Tuesday, May 26, 2009

On Ambition and the Photographic Lifestyle

Bryan Formhals, over at La Pura Vida where he has a history of featuring interesting and relevant commentary, made a post responding to a quote by Blake Andrews, which I’m reprinting here:

“The photography-integrated-into-life method is decidedly unfashionable. The huge majority of photographers I saw at Photolucida were more project oriented. The prevailing model is to develop a concept of something that has photographic potential —often of personal interest but not always— and then methodically take photographs of that project until a body of work is created, with the ultimate goal of showing the work at Photolucida or similar venue.

The potential pitfall of this method is that the resulting photographs can seem secondary to the project. Often the artist statement conveys all the information required and you needn’t look at more than a few photos to get the gist of it. Such projects may be appropriate for the idea-centric art world but they enslave photography as a tool, not a lifestyle.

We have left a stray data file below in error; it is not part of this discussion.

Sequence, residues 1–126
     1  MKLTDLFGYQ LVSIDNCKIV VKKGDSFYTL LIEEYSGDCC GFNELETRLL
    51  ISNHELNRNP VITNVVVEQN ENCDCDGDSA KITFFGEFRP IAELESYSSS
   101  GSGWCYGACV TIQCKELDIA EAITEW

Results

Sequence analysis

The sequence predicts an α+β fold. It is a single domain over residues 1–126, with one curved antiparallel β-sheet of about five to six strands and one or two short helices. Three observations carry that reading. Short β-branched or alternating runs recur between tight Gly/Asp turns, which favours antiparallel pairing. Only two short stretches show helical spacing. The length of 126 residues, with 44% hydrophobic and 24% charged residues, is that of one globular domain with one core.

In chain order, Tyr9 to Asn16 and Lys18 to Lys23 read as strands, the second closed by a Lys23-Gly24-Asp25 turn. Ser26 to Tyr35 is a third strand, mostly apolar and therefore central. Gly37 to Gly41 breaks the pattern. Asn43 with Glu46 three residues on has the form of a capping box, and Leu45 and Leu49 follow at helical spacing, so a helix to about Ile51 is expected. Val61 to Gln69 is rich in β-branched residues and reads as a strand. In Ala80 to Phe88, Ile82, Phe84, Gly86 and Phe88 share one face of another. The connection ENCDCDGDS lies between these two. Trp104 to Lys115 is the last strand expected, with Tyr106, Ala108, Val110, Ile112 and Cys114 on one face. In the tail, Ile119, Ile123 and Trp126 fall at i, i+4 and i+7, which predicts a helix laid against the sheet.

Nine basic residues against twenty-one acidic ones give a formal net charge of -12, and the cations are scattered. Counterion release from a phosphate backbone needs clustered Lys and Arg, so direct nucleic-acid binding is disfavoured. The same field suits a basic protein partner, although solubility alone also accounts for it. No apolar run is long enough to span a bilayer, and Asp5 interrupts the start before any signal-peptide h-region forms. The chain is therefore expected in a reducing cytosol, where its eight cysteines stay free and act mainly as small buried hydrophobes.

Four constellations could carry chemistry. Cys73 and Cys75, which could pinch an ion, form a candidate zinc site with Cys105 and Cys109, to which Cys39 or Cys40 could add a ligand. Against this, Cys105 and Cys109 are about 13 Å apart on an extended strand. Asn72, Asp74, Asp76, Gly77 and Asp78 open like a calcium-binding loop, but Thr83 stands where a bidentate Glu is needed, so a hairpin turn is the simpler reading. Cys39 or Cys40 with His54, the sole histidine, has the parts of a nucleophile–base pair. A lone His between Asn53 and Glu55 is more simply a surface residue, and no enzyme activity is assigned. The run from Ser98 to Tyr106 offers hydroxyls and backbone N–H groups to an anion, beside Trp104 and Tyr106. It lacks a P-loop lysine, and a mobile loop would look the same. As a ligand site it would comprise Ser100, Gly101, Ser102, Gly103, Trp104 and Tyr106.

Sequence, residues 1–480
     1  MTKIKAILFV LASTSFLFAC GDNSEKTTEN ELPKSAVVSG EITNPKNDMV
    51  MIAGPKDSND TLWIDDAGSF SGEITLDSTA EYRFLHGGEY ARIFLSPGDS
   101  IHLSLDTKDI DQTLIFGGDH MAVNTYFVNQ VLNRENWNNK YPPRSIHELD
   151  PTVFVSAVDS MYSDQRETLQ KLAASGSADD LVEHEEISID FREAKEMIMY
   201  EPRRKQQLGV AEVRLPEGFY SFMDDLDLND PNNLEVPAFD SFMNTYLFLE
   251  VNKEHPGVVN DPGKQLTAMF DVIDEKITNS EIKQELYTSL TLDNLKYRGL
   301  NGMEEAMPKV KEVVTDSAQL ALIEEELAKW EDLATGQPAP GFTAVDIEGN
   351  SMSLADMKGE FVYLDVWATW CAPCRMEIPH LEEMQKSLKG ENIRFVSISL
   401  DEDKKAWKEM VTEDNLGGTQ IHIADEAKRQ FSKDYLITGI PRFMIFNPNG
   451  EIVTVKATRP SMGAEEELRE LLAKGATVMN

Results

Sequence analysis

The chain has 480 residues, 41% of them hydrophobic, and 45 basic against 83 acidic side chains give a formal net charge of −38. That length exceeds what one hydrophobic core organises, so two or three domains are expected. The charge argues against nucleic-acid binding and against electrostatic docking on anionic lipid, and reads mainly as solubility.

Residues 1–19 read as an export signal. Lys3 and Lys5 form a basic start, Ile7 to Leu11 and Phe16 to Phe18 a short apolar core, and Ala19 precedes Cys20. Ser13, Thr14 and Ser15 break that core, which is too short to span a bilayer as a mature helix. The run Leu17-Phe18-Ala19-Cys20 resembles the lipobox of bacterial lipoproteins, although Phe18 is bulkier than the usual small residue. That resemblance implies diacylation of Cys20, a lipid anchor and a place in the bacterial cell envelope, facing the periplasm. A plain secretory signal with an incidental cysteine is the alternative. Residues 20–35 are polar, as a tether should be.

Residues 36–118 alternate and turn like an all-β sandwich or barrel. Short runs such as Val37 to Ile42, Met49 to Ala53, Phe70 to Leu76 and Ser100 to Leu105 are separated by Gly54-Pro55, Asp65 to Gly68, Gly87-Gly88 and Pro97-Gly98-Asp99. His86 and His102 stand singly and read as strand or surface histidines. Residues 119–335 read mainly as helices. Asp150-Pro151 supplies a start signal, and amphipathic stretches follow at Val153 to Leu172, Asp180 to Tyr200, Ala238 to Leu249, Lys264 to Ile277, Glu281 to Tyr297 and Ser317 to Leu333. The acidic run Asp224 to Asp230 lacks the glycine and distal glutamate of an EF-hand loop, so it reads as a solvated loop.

I think photographs should come first.  Arrange them in projects later if you must or else leave them as is in a big loose stack. Either way, photography that is integral to life seems to me to be the strongest because it comes from purest motivation: the very simple need to translate the world into photographs. Of course I am biased because this how I approach my own work, but it’s what I like to see in others too.”

This is something I have run into while reviewing portfolios myself, as well as being the subject of portfolio reviews. I think it may be considered obvious by some, but it’s important that it is still pointed out. It’s almost like no one talks about it because it’s so obvious. It’s just “the way things are.”

Bryan responds:

“Put simply, I don’t think the fine art photography establishment has much respect for [the non-project based] photographic philosophy or method (look at the general derision toward street photography and family photography for example).  I know plenty of studious, intelligent photographers out there who treat photography as a way of life  and don’t have any sort of fine art ambition.